Artists: Now We Are Three!!!,
Lil Chief Records specializes in releasing only 100% orchestrated pop music from the New Zealand music scene. This album pulls together a song from the labels releases in its first three years for eleven songs and seven artists.
The Tokey Tones set the delightfully dreamy mood for the album with Glitter and Paste. The minimal vocals and instrumentation make it great for the evening hours, but it can feel a little monotonous after awhile if you pay too much attention. Its best to let your mind wander, maybe even pick up a glass of wine and enjoy the carefree feeling of the music.
Holding Hands, Feeding Ducks is up next from The Brunettes with the title track from the first album put out by Lil Chief. Heather Mansfields deep and breathy vocals shine with a sugary sweetness. To my delight, this group had two other songs on the album, and Heather also sings with The Tokey Tones in Love Done Me No Good. In Your Heart Dies, Heather sings a duet with fellow Brunette and founder of the label, Jonathan Bree. The two go back and forth between singing and talking, separately and together, while accompanied by a banjo. Then halfway through the track, Heather says Its unavoidable. It just happens. When you grow up, your heart dies, and then the song takes on an optimistic tone with piano and chimes and an electronic beat that carries the song out on an instrumental minute.
The Nudie Suits add two tracks to the album, first Hasten down To Music City where they pair uniquely eccentric vocals with a Hawaiian steel guitar for an infectious pop sound. The second track is Harrang, which follows with a more upbeat tune including strings and vocals that border on cheesy but manage to sound entertaining and purposely overdone.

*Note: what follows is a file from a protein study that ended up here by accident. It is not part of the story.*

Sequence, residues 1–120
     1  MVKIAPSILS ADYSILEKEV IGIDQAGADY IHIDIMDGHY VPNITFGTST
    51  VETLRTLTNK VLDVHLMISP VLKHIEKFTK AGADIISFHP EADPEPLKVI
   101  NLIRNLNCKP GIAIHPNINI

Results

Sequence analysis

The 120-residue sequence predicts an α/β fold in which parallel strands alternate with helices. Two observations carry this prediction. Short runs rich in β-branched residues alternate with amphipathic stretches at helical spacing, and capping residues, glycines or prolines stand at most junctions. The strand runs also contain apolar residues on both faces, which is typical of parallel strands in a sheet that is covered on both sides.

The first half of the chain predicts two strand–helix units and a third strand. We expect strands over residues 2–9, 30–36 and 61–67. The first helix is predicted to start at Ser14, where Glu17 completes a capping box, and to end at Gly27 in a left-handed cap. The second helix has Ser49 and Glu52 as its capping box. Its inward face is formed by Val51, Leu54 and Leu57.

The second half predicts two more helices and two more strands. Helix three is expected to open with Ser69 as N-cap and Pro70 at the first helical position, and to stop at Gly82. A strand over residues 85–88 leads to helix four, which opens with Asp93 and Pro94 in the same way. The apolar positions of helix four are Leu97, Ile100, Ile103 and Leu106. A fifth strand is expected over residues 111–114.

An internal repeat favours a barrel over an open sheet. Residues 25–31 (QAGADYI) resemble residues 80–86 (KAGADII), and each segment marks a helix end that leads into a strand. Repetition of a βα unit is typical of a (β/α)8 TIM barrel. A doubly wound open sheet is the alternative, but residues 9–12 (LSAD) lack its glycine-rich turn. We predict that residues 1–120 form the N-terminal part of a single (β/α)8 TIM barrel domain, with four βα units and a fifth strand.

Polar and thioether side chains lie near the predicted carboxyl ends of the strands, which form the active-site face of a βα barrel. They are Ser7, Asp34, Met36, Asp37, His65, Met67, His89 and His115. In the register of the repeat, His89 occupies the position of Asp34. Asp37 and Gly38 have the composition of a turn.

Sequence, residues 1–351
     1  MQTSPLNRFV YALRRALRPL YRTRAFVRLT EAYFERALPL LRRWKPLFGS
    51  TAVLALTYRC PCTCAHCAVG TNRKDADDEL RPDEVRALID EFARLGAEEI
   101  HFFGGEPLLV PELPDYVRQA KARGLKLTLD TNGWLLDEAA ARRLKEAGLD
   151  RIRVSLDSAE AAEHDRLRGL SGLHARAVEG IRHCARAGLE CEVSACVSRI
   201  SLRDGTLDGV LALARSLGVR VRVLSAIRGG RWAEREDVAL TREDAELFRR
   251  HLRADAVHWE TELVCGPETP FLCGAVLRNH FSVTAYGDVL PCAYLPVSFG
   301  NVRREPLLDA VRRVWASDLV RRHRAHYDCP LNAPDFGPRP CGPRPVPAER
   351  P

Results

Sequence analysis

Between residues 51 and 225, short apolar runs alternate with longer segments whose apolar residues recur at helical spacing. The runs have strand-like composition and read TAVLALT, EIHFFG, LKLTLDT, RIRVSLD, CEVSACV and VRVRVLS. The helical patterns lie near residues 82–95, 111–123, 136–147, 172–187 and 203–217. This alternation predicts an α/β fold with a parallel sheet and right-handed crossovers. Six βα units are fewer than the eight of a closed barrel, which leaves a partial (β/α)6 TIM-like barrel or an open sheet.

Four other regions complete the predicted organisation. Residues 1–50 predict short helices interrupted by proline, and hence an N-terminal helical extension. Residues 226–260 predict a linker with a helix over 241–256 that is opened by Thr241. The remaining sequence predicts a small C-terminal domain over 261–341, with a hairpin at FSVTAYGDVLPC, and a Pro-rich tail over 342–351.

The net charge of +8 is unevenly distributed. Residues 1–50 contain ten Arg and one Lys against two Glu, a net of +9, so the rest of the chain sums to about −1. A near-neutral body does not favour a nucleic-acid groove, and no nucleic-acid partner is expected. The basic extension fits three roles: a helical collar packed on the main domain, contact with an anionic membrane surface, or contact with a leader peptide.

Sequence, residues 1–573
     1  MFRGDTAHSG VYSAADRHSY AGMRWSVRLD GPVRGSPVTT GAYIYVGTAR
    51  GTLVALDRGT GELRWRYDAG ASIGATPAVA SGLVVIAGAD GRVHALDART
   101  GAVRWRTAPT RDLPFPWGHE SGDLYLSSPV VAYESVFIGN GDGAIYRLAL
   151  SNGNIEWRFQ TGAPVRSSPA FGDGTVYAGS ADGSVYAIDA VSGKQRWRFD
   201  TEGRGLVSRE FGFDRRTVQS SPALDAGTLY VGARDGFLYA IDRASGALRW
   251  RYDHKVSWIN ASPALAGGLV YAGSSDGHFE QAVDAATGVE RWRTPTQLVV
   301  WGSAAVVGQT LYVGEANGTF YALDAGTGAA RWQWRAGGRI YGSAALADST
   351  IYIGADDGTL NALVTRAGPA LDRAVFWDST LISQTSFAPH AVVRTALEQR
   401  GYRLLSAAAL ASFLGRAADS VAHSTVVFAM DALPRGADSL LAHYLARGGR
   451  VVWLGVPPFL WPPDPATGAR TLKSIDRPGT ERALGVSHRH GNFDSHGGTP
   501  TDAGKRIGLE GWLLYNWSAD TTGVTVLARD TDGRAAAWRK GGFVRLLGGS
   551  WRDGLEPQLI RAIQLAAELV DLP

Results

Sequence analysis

Shaft takes it down a notch with his lush sound and catchy lyrics sung with emotionally whiny vocals. Most of the songs on the compilation, this one included, have good harmonization with lots of ooooh ooohs and bah bahs. Alec Bathgate also pulls from the sunny sound with his psychedelic Broken Cup, and its obvious from his singing that he comes from punk roots. The song ends with some harmonica and probably the heaviest guitar on the album. But even here, heavy is used lightly.
Edmund Cake delivers the penultimate Beautiful Sleep, and Mr. Cake has a beautifully soft and charming voice that he blends with an acoustic guitar and piano in a way that would make anyone swoon. Ryan McPhun and The Ruby Suns finish up the album with Birthday on Mars, which starts out with chimes and then leads into a somber waltz, continuing on for two and a half minutes before dissolving into egg shakers, organ and Ryans spacey vocals. Then the beat picks up with the addition of guitars, horns, and then guitar again, which takes this low-key pop compilation out with a bang. Lil Chief Records is a label to keep on eye on.
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